When I am starting a two year old, I like to teach all the basics that they will need to know for the first ten rides or so from the ground. For example, I want them to know how to disengage their hips with light pressure, flex from side to side with a nose band or snaffle, do one rein stops, follow the direct rein, and stand still for mounting and dismounting. Those are a few of the keys that cannot be missing if I am going to get on and start riding.
The first thirty or so rides after that are going to be on a loose rein, just letting the horse move freely and learn simple commands like stopping off my seat, going forward with leg pressure, following the rein etc.
I feel pretty strongly that these steps cannot be skipped or it will show up later on in their training.
Training a barrel horse is very much the same way. There are certain things that they need to know or you are going to wind up in trouble later on. In my training program, I like to start out with teaching them a lot of bend. Suppleness and bend are a big part of the equation for me.
BUT, suppleness and bend are only PART of the equation. To me, going between suppleness and bend, and straightness are like a big pendulum. You work on one or the other and you go back and fourth from one extreme to the other until you have achieved the ideal feel.
If all you do is work on bend, you will have a horse that feels light in the bridle, bendy, noodley, and dumpy on their front end.
If all you do it work on straightness, you will have a horse that feels light in the front end, snappy, quick footed and heavy in the bridle.
I used to get too much bend out of my horses and it set me back because when things are going rapid on the pattern, its hard to have QUICK control of your horse if when you pick up on the bridle, they simply bend their body versus moving their feet.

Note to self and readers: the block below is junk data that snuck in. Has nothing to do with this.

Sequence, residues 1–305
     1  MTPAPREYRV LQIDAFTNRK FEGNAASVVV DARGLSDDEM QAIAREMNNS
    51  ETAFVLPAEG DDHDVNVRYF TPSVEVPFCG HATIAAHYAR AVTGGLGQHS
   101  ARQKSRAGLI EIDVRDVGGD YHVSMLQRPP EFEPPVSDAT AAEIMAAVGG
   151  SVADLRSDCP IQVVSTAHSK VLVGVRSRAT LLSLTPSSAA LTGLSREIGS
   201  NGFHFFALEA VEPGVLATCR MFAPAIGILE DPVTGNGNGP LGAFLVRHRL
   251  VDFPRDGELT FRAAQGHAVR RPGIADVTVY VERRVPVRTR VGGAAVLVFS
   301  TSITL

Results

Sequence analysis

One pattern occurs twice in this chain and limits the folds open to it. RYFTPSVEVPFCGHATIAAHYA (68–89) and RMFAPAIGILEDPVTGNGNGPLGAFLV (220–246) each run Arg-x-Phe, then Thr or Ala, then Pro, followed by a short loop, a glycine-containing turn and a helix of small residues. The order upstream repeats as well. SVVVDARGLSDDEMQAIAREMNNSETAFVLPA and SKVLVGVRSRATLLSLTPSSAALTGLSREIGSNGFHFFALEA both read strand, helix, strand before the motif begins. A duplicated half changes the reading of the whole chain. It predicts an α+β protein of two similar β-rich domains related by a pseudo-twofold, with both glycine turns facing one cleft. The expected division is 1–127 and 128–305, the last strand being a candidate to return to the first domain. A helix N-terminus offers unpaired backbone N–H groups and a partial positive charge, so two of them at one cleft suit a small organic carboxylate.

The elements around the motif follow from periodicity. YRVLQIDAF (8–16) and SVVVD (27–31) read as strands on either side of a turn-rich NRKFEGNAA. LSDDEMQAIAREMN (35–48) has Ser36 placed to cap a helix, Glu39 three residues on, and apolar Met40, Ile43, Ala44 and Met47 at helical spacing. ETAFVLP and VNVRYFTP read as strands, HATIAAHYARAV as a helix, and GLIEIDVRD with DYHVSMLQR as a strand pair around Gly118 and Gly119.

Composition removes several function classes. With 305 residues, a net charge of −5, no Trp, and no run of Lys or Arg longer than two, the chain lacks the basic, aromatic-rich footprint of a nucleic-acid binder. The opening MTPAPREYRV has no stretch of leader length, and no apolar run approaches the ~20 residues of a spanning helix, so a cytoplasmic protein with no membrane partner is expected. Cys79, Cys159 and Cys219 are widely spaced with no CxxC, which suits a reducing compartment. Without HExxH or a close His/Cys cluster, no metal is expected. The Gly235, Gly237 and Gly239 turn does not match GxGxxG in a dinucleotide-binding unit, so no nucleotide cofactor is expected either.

I am constantly working to achieve the feel where the bit is connected directly to my horse’s feet. When I pick up on the reins, I want something to happen with their feet, not just their face.
When you have both things working for you, your horse will feel supple, smooth, light in the bridle, quick footed and snappy all at the same time. To me this is what I consider “handy broke”. It means they could go do a job and you can easily maneuver them around and they stay right between you reins. This is the feel I prefer, and I think it is easy for most people to ride after as well.
This past summer I got a horse in training that had been with another trainer for several months. This trainer is great at what he does and highly respected in the reining community. However, I found it really hard to ride behind him.
This horse in particular would bend all over the place to avoid the bridle, but it didn’t mean anything to his feet. From a lope I would ask him to stop and he would tuck his face right to his chest and keep charging forward. I only got to work with this horse for a short period of time, but I had to go right back to the basics of picking up on the rein, waiting for something to happen with his feet, then releasing pressure to reward him.
This is an extreme example, but Things like this happen all the time in the barrel community too. Imagine a horse is about to start their turn around a barrel and the rider starts to put pressure on the inside rein. Instead of the horse staying straighter and using their momentum to follow the rein and bring their whole body around the turn, they simply bend their head and neck toward to barrel and the rest of the body floats out.
In that scenario, the horse loses all the driving power from the hind end and the momentum trickles down to nothing as they leave the turn.
This is where straightness comes into play. A horse can not be bent around in a circle and maintain all their power and momentum. Allowing the horse to move in a more natural way will help them stay underneath themselves and keep forward driving momentum through a turn.
If you are interested in learning some drills to straighten out a bendy horse and re-establish the connection between the bit and their feet, let me know!
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